1949-50 League of Ireland season

Having finished in ninth the previous season, Cork Athletic surprised everyone by being in the shake-up for a league and cup double as the 1949-50 season (one that had been severely impacted by bad weather / bad pitches) drew to a close. Drumcondra (who had earlier won their last five Dublin City Cup matches to take the trophy ahead of Sligo Rovers) were themselves aiming for a championship three-in-a-row, and a 2-1 win for Drums at the Mardyke put them a point clear of Cork at the top of the table, with all 18 of their league games played. Thanks to Athletic becoming embroiled in a cumbersome F.A.I. Cup campaign (they needed six games to reach the final, including a three-match semi-final with non-league St. Patrick’s Athletic), the Leesiders’ last remaining league fixture against bottom club Bohemians was due to take place after their Blue Riband decider, against the league’s newest side, Transport.

Action from the first cup final match between Transport and Cork Athletic

The Corkmen squandered a two-goal lead to allow the Busmen to force a replay, and led twice in the second match before a spectacular, 35-yard overhead kick from Jim Loughran in the last minute of extra-time ensured that the sides would need to meet for a third time. A mere two days before the second replay was scheduled, Athletic faced into their delayed league fixture, and a last-minute Paddy O’Leary goal gave them a dramatic 2-1 win over Bohs, to edge out Drumcondra and capture what was essentially their sixth (but officially their first) League of Ireland championship title. Preparations for the second cup final replay, therefore, were far from ideal, and two Bernie Lester goals helped Transport (who had engaged in a full-time training regime over the course of the saga) to a comfortable 3-1 victory. Athletic’s Jackie O’Reilly (acting as player-manager this year) could at least look back on the season with a great deal of pride, having secured a record sixth League of Ireland championship winner’s medal, and also scoring a goal in the second meeting with Transport to become the all-time record goalscorer (seven goals) in F.A.I. Cup finals, having netted for Cork United in 1941, 1942 and 1943.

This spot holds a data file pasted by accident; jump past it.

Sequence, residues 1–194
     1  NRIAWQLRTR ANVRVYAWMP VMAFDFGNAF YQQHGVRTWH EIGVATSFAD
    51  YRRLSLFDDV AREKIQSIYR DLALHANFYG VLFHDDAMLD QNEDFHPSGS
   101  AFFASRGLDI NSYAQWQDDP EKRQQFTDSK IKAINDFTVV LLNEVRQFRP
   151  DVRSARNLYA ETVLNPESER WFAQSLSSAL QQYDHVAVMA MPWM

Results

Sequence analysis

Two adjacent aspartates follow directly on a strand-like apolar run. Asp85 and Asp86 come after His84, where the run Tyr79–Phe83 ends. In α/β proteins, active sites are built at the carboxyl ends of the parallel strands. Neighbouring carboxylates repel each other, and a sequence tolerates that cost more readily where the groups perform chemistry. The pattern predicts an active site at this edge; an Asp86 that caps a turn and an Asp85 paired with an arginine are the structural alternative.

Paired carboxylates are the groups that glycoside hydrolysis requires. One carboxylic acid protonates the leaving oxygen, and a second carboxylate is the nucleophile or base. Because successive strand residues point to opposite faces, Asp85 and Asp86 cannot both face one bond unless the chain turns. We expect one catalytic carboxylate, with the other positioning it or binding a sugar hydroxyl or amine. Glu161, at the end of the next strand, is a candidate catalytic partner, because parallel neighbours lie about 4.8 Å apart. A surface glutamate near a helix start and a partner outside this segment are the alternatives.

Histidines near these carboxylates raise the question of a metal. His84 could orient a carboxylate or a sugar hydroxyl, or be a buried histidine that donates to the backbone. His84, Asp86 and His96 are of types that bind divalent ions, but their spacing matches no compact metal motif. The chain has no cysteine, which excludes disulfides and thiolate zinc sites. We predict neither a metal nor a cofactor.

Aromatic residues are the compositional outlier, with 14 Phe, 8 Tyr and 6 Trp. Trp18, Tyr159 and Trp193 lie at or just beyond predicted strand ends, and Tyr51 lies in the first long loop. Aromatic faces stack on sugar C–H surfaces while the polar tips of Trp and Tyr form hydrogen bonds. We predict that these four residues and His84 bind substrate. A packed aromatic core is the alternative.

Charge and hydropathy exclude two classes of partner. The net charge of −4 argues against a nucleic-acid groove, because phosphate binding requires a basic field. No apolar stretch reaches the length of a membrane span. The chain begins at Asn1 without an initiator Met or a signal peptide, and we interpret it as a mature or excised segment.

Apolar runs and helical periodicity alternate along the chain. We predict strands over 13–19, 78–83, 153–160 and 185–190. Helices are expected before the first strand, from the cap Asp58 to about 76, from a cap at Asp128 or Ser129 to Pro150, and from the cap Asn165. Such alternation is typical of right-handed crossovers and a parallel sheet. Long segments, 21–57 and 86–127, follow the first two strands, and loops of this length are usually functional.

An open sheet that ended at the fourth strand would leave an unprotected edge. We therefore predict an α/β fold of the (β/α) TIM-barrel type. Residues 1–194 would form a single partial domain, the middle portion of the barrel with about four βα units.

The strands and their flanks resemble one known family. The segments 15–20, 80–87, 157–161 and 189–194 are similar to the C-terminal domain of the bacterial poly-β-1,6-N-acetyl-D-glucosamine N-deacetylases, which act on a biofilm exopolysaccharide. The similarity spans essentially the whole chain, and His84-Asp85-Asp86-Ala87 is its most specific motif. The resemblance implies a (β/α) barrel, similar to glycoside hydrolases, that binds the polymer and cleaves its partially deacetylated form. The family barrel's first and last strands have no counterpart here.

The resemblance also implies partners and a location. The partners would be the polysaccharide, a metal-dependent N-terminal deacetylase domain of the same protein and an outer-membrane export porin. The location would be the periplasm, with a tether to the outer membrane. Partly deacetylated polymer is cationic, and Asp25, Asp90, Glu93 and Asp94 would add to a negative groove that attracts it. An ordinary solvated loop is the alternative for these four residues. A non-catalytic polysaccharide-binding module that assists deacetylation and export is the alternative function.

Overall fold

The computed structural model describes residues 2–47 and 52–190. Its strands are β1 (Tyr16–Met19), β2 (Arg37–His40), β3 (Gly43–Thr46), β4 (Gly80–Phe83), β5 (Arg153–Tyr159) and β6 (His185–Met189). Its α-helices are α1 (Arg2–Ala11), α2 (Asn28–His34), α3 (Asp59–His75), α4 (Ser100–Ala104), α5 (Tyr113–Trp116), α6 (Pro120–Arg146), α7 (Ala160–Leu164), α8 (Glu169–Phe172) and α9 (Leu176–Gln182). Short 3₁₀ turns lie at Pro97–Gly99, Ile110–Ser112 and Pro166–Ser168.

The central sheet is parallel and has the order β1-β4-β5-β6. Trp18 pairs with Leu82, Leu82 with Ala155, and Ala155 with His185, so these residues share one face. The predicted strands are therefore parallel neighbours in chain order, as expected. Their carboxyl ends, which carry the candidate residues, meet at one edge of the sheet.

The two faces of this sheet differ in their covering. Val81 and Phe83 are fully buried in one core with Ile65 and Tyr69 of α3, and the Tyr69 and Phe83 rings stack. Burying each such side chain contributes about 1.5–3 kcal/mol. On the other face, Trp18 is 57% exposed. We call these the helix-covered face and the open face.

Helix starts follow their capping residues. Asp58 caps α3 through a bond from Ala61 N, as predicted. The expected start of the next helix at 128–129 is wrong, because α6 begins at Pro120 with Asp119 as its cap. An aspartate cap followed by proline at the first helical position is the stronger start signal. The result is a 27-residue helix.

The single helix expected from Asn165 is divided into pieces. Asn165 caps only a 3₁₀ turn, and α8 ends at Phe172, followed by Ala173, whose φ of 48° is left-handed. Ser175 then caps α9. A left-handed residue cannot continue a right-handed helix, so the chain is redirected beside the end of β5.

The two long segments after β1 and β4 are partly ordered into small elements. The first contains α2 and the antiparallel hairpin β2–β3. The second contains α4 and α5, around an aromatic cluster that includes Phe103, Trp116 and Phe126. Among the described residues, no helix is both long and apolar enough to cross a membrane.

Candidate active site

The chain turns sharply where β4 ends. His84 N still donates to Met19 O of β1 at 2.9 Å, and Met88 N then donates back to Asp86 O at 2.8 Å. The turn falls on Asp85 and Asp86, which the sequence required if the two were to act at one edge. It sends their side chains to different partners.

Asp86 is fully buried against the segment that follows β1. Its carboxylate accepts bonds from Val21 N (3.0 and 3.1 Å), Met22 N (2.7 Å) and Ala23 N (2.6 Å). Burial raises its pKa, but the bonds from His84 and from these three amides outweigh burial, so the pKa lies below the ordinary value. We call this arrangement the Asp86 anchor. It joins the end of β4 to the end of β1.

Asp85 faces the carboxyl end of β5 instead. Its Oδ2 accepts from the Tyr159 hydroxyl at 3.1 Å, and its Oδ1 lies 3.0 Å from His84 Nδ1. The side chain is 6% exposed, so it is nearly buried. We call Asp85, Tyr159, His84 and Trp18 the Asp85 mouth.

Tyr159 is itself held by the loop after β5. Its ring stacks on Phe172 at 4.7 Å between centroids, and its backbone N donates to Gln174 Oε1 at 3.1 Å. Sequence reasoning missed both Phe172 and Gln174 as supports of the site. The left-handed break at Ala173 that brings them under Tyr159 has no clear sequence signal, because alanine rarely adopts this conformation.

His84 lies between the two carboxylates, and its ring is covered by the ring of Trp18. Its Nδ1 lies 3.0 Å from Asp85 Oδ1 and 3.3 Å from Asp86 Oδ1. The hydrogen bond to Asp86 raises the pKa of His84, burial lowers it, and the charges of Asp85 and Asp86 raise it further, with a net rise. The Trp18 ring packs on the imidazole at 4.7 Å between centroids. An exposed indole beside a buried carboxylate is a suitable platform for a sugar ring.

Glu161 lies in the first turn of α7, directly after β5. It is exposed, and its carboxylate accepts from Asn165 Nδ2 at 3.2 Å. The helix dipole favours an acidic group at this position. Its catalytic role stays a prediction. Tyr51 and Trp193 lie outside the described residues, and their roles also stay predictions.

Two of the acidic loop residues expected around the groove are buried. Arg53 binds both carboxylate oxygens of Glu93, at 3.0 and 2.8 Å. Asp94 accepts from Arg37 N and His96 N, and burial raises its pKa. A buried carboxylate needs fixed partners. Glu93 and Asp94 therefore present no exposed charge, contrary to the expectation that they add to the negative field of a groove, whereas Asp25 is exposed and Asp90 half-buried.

League of Ireland football had been rocked by the sudden death of Shamrock Rovers manager Jimmy Dunne in November 1949, at the age of 44. Paddy Coad took over as player-manager, and in a fitting tribute to Dunne, the club rallied to press home their advantage in the League of Ireland Shield, three points ahead of Transport and Drumcondra. Shelbourne (who finished third in the league behind Cork and Drumcondra) became tenants at Rovers’ Glenmalure Park ground at the beginning of the season, and proceeded to remain unbeaten in all their “home” league fixtures, but were defeated by the Hoops themselves in the match where Rovers were listed as being the home side. An unbeaten home record (consisting of two wins and seven draws, in a season where almost a third of matches were drawn), meanwhile, was not enough to prevent Limerick from having to seek re-election for the second time in four seasons, while the end of 1949-50 signalled very worrying times for amateur side Bohemians, the club propping up the League of Ireland table for a third year in succession. However, all 10 member clubs would return to contest the 1950-51 league season.

League of Ireland 1949-50

Cork Athletic181053452625
Sligo Rovers18756283019
Shamrock Rovers18747393018

League top scorers : Dave McCulloch Waterford, 19 Paddy O’Leary Cork Athletic, 13 Johnny Vaughan Cork Athletic, 12

Representative matches : League of Ireland 0-1 Scottish League, English League 7-0 League of Ireland, League of Ireland 3-1 Irish League, Irish League 2-2 League of Ireland

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